Queen Victorias Matchmaking

Queen Victoria’s Matchmaking

Originally, I was a history major in college. History is an endlessly depressing subject. Most every major historical event ends with, “and they all died horribly.” The flu pandemic of 1918. London in 1666. The East India Company. The Roman Empire. Plague. Wars. Dynastic marriages.

And that is the subject of Deborah Cadbury’s ‘Queen Victoria’s Matchmaking: The Royal Marriages That Shaped Europe.’ The entire book isn’t depressing. A lot of it could get confusing if you don’t have a general knowledge of European history. That being said, Cadbury knows how to write family drama. The Windsors are nothing if not dramatic. Side note: The Windsor’s family name was originally Saxe-Coburg and Gotha but the family changed it during WWI on account of the fact the British royal family is super German.

Queen Victoria was a first class meddler and spent a tremendous amount of her time and energy forcing her children and grandchildren into dynastic marriages, often with a close blood relative.

Royals wanted to, and were sometimes required by law, to marry other royals. There aren’t that many royals  and near the end of the 19th century European princesses were pretty thin on the ground. Victoria had a lot of princesses in her family line but most of them had zero interest in marrying who she wanted them to. Victoria had a hell of a time getting her grandson and heir (whom the family called Eddy) engaged and then when she finally managed it the young man up and died a mere month before his wedding. The Princess May (also related to Victoria) later married Eddy’s younger brother, George who would become George V. And George had wanted to marry a cousin of his named Missy who turned him down to become the Queen of Romania.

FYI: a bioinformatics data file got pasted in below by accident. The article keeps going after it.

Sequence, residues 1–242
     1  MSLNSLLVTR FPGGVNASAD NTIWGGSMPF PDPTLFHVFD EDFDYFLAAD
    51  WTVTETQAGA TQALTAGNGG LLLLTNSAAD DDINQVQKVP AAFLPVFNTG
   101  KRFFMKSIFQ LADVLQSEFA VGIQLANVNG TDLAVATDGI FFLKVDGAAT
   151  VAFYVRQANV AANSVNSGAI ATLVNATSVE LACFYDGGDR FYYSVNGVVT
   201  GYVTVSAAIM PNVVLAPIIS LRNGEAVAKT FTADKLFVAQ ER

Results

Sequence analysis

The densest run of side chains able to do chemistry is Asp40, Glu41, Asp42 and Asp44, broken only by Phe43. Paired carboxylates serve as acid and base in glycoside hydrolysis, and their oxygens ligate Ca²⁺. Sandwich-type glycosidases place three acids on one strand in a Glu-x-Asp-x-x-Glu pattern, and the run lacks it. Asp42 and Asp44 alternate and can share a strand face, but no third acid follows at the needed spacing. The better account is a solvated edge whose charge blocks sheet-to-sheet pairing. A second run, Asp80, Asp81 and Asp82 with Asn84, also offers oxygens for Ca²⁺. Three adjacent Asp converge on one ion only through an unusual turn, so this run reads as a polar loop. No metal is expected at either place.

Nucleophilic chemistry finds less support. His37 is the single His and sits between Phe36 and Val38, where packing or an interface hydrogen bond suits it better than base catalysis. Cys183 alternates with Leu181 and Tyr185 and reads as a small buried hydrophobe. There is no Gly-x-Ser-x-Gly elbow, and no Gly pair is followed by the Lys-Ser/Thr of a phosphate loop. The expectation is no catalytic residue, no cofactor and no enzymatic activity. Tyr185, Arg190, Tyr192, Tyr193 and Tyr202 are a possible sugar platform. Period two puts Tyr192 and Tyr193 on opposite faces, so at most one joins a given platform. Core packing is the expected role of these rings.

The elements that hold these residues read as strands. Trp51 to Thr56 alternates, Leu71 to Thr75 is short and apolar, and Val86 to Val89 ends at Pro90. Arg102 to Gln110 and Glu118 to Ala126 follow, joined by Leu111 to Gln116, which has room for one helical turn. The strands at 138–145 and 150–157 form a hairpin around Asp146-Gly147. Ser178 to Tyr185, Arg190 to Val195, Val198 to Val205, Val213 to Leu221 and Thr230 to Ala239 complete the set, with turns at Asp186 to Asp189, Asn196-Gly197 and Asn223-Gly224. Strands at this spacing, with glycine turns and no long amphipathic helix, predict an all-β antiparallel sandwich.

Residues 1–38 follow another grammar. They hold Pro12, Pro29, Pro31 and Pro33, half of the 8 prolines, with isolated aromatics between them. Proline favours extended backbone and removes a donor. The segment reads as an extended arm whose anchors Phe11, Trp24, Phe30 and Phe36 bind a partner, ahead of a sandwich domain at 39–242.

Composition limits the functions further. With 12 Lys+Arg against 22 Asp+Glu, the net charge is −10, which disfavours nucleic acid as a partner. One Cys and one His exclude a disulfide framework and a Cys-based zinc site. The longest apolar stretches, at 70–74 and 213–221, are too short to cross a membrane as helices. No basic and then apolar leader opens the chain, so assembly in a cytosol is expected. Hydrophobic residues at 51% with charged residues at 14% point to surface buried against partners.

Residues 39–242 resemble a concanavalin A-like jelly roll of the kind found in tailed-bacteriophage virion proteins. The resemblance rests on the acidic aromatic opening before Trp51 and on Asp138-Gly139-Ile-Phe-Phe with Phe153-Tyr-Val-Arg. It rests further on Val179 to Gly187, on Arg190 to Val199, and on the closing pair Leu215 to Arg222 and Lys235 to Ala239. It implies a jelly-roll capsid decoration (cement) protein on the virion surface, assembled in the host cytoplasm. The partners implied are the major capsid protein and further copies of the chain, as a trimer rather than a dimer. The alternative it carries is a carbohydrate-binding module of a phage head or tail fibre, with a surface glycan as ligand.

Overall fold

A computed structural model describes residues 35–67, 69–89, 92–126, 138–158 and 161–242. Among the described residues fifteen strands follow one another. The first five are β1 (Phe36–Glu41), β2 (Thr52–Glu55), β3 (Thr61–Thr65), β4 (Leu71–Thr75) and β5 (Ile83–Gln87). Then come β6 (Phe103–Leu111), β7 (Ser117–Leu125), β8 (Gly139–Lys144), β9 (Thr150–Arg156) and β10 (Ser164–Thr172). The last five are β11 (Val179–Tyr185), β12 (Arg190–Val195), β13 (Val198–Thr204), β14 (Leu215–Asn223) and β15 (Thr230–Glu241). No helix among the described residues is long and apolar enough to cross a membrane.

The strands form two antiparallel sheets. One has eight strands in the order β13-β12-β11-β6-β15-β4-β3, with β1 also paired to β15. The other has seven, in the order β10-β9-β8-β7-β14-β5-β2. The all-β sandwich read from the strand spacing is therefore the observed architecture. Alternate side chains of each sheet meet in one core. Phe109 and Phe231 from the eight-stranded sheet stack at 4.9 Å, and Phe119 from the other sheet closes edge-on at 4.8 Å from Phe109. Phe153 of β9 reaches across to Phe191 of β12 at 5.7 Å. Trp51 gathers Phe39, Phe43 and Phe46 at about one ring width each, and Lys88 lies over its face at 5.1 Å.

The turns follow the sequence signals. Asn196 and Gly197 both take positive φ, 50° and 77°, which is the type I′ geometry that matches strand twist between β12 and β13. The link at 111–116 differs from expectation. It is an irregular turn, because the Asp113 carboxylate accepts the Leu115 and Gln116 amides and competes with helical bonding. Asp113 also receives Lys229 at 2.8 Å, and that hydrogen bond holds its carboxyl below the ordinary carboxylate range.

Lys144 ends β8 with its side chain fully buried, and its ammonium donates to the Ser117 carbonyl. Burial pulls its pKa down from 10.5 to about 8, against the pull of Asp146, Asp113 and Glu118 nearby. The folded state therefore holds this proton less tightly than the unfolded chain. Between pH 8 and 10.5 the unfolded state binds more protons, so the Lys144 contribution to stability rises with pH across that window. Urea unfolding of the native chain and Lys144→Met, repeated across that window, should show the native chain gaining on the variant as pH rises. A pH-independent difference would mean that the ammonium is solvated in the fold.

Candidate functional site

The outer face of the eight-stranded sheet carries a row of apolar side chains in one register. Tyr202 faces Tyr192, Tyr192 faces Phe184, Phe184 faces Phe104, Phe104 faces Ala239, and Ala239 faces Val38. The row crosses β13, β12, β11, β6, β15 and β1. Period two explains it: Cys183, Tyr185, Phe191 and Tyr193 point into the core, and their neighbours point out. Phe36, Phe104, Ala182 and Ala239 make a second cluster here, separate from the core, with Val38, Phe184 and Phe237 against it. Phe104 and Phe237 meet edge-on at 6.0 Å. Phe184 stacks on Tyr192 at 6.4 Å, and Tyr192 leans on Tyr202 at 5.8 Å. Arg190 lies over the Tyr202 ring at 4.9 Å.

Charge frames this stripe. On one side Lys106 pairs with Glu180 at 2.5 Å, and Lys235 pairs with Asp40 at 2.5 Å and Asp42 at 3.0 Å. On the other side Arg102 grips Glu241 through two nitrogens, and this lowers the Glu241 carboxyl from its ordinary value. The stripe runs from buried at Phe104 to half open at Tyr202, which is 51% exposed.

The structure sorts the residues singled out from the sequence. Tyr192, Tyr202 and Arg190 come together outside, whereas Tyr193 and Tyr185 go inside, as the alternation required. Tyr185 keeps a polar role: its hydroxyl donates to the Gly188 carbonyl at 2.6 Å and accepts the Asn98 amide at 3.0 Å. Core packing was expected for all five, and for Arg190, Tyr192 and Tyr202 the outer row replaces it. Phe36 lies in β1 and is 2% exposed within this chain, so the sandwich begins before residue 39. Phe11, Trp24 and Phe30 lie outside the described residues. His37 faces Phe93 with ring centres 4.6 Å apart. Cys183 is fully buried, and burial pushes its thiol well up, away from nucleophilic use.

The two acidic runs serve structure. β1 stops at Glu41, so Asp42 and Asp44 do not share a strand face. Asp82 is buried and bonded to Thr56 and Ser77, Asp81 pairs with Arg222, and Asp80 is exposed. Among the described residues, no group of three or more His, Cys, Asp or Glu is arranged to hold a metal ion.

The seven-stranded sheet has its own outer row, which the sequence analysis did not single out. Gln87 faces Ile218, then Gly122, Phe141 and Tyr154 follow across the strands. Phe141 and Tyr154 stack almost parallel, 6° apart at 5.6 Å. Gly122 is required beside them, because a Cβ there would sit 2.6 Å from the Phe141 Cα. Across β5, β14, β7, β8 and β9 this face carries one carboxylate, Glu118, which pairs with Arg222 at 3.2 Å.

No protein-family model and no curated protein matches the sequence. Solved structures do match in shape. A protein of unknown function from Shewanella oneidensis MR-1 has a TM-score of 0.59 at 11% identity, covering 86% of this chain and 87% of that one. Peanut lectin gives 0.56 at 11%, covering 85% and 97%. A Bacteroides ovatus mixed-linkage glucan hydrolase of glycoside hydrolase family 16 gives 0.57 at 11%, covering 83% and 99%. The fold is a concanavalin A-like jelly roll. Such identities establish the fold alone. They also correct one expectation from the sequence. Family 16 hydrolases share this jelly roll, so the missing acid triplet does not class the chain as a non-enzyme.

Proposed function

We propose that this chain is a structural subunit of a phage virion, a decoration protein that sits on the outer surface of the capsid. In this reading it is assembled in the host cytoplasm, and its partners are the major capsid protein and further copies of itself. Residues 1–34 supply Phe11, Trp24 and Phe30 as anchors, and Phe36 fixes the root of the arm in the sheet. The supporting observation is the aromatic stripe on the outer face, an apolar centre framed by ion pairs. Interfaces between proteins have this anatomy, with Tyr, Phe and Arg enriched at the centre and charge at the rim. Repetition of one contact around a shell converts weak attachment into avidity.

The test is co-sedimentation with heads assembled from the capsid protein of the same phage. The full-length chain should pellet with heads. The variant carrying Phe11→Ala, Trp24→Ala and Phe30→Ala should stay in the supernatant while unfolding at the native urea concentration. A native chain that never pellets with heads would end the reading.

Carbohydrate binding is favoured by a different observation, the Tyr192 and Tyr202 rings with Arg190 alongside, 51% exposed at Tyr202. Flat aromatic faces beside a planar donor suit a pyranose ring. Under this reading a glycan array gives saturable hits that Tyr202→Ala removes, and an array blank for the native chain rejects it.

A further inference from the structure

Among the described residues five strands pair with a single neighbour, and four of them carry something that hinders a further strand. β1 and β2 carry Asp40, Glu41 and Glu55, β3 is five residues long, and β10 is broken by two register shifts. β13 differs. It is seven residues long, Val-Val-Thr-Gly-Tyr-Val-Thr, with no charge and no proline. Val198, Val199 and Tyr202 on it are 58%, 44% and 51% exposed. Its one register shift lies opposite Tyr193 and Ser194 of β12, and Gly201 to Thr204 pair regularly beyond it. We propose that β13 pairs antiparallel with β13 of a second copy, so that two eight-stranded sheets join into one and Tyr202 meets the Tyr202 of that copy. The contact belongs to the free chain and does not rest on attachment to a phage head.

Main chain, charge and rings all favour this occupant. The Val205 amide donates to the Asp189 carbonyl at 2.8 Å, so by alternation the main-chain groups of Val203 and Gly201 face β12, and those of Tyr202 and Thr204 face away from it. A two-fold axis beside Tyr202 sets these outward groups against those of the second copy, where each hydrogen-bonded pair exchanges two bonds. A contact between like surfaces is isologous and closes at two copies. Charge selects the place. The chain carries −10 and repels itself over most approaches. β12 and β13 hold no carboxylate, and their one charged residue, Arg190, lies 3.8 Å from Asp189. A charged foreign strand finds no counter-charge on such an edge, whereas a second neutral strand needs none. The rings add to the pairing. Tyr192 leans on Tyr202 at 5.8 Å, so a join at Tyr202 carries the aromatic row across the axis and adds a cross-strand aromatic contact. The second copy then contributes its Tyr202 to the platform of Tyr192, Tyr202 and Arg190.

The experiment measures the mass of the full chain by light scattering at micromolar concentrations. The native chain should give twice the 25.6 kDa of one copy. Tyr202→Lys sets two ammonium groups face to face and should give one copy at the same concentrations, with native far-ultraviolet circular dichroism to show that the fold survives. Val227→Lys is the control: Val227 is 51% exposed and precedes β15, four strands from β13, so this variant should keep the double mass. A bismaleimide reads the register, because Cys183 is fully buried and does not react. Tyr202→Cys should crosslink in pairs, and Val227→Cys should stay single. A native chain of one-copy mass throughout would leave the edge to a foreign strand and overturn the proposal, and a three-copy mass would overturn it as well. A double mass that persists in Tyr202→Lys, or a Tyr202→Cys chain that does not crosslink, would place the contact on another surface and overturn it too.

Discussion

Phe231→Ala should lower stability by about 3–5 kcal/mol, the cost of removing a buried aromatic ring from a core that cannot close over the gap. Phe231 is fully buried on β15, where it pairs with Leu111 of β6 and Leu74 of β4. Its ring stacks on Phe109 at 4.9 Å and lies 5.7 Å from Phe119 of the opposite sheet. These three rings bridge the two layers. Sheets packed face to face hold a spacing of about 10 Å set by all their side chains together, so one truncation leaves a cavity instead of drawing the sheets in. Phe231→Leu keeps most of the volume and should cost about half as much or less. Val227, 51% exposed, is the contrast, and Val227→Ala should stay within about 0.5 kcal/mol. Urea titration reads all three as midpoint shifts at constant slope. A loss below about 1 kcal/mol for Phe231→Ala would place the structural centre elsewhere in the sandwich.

Tragically, one granddaughter who turned down Eddy the heir to the British throne married the Russian Tsar Nicholas II. The Tsar, Alix and all her children died in the Bolshevik Revolution of 1917, shot at close range by 12 men in a small cellar, disfigured by sulphuric acid and gasoline then buried in shallow, unmarked graves by the side of a road. The Bolsheviks were funded in part by Alix and Nicholas’ cousin, Kaiser Wilhelm II. George V refused to help the Tsar’s family even though he was related to both the Tsar and his wife and therefore all their children. George was also related to the Kaiser. Dizzy yet?

World War I was one hell of a family fight.

And of course WWI led directly to WWII.

And they all died horribly.

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